Opinion

Society better with an infusion of taxes

To the editor:

I have been involved in the medical system in Canada for three decades, and have a sister who is a physician and another sister who is a public school principal. Therefore, I feel well positioned to comment on how to fix our current crises in health and education, as well as our ailing social safety net and tarnished international reputation. And it most certainly has nothing to do with lower taxes.

The first move is to place a court injunction and/or restraining order against the Canadian Taxpayers Federation, the Alberta Taxpayers Association and any newspaper editors who bleat and harangue incessantly about our unfair tax burdens and how tough we have it in the world.

The second would be to jail any of the above who fail to comply with these directives.

Next would be a modest educational initiative informing and reminding the electorate that this amazing society we are so privileged to live in is based almost entirely on that often maligned five letter entity—taxes. Our roads, medical care, education systems, parks, water, sanitation, sporting venues, recreational facilities, elder care, programs for the less fortunate, forces for law and order, fire protection, emergency services, international assistance to the world’s most destitute, and much more of our daily fare are based almost exclusively on the taxation system.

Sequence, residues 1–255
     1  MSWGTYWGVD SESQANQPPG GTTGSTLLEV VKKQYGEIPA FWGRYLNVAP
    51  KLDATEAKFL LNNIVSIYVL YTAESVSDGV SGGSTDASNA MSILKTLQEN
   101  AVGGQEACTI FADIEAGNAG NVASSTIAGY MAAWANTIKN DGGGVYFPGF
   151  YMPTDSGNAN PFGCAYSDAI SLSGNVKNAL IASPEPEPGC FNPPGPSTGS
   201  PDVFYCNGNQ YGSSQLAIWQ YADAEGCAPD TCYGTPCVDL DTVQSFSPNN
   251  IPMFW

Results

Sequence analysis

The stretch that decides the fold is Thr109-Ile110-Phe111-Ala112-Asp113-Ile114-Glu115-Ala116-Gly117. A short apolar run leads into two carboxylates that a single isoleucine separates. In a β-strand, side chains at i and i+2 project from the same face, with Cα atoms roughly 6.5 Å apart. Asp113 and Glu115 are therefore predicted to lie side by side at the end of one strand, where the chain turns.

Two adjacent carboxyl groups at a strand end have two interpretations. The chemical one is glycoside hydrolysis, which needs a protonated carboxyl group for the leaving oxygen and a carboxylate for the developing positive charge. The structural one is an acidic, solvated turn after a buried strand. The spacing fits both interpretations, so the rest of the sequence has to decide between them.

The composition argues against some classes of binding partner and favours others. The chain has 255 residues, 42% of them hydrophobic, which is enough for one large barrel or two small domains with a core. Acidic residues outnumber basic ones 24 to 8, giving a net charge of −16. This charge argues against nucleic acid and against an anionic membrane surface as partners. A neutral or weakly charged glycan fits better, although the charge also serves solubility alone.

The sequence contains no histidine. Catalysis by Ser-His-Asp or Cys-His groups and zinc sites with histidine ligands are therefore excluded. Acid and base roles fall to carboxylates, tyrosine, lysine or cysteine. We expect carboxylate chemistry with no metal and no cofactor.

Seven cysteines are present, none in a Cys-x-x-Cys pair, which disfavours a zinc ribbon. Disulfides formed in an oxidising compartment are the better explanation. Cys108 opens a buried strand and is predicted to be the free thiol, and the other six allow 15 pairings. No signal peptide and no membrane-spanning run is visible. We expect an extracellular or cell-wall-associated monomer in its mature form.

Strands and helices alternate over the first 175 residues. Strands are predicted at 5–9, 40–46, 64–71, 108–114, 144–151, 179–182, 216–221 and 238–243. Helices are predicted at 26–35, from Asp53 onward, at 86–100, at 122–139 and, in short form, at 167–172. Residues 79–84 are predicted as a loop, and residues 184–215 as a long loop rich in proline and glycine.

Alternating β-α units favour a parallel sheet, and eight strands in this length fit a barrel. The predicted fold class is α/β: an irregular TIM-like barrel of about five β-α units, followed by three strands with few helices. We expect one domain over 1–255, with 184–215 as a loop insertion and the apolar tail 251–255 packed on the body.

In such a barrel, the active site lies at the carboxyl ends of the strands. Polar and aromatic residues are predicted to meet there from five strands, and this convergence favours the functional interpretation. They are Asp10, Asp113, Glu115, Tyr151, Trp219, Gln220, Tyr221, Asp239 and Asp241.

Once the majority of the population had a firm and comprehensive understanding of the essence and importance of taxes, then a modest increase more to the corporate sector which bears the smallest burden but also to the average citizen and the wealthy, would suffice to rebuild many of our systems that are tarnished and in disrepair.

So many of our services, systems and infrastructures would be revitalized with a hardier, reliable and more robust infusion of cash. We could again climb to prominence on the global scene and tackle more ambitiously the problems associated with hunger, water, sanitation, education and major diseases that burden the developing world, raising our assistance levels to and beyond the elusive 0.7 per cent of GNP for foreign aid.

What an exciting and vibrant society we would be, envied and emulated worldwide.

Too simple to happen in our lifetime? Perhaps not. For certain, that’s where my vote is going.

Dr. Robert C. Dickson,

Calgary

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